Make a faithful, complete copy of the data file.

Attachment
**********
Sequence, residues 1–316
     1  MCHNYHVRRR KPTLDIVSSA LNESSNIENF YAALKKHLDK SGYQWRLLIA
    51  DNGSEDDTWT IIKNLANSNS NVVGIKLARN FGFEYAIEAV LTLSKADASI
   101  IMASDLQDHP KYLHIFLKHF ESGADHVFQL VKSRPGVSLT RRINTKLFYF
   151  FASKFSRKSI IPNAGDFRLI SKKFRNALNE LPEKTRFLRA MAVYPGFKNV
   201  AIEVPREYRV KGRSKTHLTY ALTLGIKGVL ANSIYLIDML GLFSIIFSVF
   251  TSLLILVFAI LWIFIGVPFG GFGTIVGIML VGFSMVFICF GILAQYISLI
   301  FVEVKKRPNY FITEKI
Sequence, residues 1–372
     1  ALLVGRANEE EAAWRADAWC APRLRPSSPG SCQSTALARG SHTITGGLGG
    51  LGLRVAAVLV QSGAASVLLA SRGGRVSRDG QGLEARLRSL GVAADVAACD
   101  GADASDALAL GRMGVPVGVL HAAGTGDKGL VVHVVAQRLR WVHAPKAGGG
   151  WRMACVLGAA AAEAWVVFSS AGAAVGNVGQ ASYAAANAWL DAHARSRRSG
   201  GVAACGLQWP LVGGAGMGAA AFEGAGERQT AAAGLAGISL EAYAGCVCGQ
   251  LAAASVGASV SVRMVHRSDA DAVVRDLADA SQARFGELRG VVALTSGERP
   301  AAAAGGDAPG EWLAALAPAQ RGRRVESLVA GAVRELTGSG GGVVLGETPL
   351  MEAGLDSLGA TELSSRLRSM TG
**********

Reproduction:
Sequence, residues 1–316
     1  MCHNYHVRRR KPTLDIVSSA LNESSNIENF YAALKKHLDK SGYQWRLLIA
    51  DNGSEDDTWT IIKNLANSNS NVVGIKLARN FGFEYAIEAV LTLSKADASI
   101  IMASDLQDHP KYLHIFLKHF ESGADHVFQL VKSRPGVSLT RRINTKLFYF
   151  FASKFSRKSI IPNAGDFRLI SKKFRNALNE LPEKTRFLRA MAVYPGFKNV
   201  AIEVPREYRV KGRSKTHLTY ALTLGIKGVL ANSIYLIDML GLFSIIFSVF
   251  TSLLILVFAI LWIFIGVPFG GFGTIVGIML VGFSMVFICF GILAQYISLI
   301  FVEVKKRPNY FITEKI
Sequence, residues 1–372
     1  ALLVGRANEE EAAWRADAWC APRLRPSSPG SCQSTALARG SHTITGGLGG
    51  LGLRVAAVLV QSGAASVLLA SRGGRVSRDG QGLEARLRSL GVAADVAACD
   101  GADASDALAL GRMGVPVGVL HAAGTGDKGL VVHVVAQRLR WVHAPKAGGG
   151  WRMACVLGAA AAEAWVVFSS AGAAVGNVGQ ASYAAANAWL DAHARSRRSG
   201  GVAACGLQWP LVGGAGMGAA AFEGAGERQT AAAGLAGISL EAYAGCVCGQ
   251  LAAASVGASV SVRMVHRSDA DAVVRDLADA SQARFGELRG VVALTSGERP
   301  AAAAGGDAPG EWLAALAPAQ RGRRVESLVA GAVRELTGSG GGVVLGETPL
   351  MEAGLDSLGA TELSSRLRSM TG